NASA Request for Information: New Science Investigations Using Existing NASA Spacecraft

Status Report From: NASA Science Mission Directorate
Posted: Tuesday, March 18, 2008

Synopsis - Mar 13, 2008

General Information

Solicitation Number: NNH08ZDA005L
Posted Date: Mar 13, 2008
FedBizOpps Posted Date: Mar 13, 2008
Original Response Date: Apr 09, 2008
Current Response Date: Apr 09, 2008
Classification Code: A -- Research and Development
NAICS Code: 541712 - Research and Development in the Physical, Engineering, and Life Sciences (except Biotechnology)

Contracting Office Address

NASA/Goddard Space Flight Center, NASA Headquarters Acquisition Branch, Code 210.H, Greenbelt, MD 20771


REQUEST FOR INFORMATION (RFI) New Science Investigations using Existing NASA Spacecraft Science Mission Directorate, NASA Solicitation Number: NNH08ZDA005L Release Date: March 14, 2008 Response Date: April 9, 2008

NASA's Science Mission Directorate (SMD) currently sponsors approximately 85 flight missions, involving over 90 spacecraft, divided between missions in development and missions in operations. One of SMD's programmatic objectives is to maximize the science return for the Nation within the available budget. This Request for Information (RFI) solicits input from the broad space science community that would contribute to NASA's study of possible new uses for current NASA spacecraft beyond their current missions. Responses to this RFI (NNH08ZDA005L) will be used to inform NASA's program planning.


NASA has science missions under development and in operation that send spacecraft throughout the Solar System, including low and high Earth orbits, station keeping near Sun-Earth Lagrangian points, orbits around every planet from Mercury to Saturn as well as the Moon and asteroids, drift away Solar orbits, and trajectories out of the Solar System and into interstellar space. Each of these missions has science objectives that will be realized through a prime mission and possible mission extensions when the prime mission has been completed. NASA's science missions are managed by the Science Mission Directorate (SMD); information on these missions may be found at .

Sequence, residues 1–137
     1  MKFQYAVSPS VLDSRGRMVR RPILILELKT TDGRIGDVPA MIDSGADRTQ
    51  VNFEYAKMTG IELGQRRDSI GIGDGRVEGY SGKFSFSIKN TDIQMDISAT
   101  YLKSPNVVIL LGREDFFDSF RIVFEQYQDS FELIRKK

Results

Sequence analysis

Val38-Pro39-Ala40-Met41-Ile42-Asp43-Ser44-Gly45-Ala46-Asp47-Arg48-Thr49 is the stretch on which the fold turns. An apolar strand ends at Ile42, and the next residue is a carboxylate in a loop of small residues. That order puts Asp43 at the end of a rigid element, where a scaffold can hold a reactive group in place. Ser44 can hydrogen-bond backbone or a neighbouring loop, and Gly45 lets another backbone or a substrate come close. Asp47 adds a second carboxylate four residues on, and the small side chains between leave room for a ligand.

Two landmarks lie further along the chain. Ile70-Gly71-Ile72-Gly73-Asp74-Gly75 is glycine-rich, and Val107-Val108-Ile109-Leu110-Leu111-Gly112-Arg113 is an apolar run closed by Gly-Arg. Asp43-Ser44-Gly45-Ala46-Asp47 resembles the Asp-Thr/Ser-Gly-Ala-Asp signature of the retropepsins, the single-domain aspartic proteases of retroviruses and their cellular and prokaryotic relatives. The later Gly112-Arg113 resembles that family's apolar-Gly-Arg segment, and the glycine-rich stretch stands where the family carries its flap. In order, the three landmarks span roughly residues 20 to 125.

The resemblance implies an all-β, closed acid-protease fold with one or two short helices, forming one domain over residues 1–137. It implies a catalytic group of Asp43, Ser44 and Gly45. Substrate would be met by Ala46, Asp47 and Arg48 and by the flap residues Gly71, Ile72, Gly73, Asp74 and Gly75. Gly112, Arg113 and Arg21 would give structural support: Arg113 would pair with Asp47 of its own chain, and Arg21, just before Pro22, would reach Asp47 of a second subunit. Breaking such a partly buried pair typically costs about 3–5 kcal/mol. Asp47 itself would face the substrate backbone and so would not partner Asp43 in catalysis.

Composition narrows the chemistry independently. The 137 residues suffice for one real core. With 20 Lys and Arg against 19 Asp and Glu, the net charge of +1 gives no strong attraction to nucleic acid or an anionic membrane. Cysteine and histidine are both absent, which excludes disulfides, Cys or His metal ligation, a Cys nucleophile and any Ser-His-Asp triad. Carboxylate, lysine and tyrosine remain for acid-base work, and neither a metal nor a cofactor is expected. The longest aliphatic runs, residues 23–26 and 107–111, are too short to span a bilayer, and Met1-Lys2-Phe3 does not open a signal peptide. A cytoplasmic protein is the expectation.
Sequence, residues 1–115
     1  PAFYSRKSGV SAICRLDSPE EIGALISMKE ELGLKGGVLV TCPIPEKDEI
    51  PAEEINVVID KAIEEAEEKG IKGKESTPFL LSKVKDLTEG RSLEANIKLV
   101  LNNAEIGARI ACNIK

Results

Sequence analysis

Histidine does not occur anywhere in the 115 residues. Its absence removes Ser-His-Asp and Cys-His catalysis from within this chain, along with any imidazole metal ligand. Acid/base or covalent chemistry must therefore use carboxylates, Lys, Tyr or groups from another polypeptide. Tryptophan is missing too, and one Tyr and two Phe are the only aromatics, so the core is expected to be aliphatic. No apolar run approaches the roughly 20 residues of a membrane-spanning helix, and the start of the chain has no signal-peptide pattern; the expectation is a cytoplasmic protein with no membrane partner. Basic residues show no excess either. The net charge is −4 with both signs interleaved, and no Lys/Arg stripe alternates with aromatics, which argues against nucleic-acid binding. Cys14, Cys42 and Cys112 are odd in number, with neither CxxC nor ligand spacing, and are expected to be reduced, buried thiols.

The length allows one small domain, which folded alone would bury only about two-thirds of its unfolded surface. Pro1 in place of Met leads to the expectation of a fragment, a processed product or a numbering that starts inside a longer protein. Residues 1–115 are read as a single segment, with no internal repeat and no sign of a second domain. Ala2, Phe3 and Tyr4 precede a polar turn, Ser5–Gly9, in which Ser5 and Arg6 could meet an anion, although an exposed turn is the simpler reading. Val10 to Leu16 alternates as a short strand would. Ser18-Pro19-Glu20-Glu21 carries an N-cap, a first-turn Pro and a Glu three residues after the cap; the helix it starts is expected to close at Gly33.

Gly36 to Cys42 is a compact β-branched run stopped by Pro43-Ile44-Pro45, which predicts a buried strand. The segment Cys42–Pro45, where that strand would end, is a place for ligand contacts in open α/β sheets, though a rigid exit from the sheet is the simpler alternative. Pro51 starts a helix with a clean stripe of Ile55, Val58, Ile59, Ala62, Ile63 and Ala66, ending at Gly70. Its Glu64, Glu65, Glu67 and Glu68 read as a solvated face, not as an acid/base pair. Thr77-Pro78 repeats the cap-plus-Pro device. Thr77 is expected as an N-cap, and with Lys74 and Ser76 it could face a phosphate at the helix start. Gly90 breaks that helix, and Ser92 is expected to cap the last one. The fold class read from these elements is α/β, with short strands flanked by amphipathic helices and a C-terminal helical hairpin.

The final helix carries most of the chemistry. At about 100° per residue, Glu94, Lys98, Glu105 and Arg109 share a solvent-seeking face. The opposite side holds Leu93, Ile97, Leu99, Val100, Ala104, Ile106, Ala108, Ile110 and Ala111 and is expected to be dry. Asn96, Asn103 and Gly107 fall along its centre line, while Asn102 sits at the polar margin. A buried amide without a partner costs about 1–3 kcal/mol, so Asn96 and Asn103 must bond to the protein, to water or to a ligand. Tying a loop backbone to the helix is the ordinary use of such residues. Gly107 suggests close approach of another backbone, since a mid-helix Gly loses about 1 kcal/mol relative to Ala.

It is a programmatic objective of SMD to get more science return from the available budget. One way of increasing the science return from NASA's science missions is to continue operating the spacecraft after the prime mission has been completed. NASA has a biennial review process, called the Senior Review, to consider and approve the operation of spacecraft and extend the prime science mission.

An alternative to extending the prime science mission is to initiate a new science investigation with an existing spacecraft after the prime science mission has been completed. There have been several examples of this in the past, including the 1982 approval to use the ISEE-3 spacecraft (renamed ICE) for an encounter with Comet Giacobini-Zinner and the 2007 approval to use the Deep Impact spacecraft (renamed EPOXI) for a study of extrasolar planets during its cruise to encounter Comet Hartley 2. These new science investigations realized unique, high impact investigations that otherwise would cost substantially more to execute, and they provided high science value for the funds expended.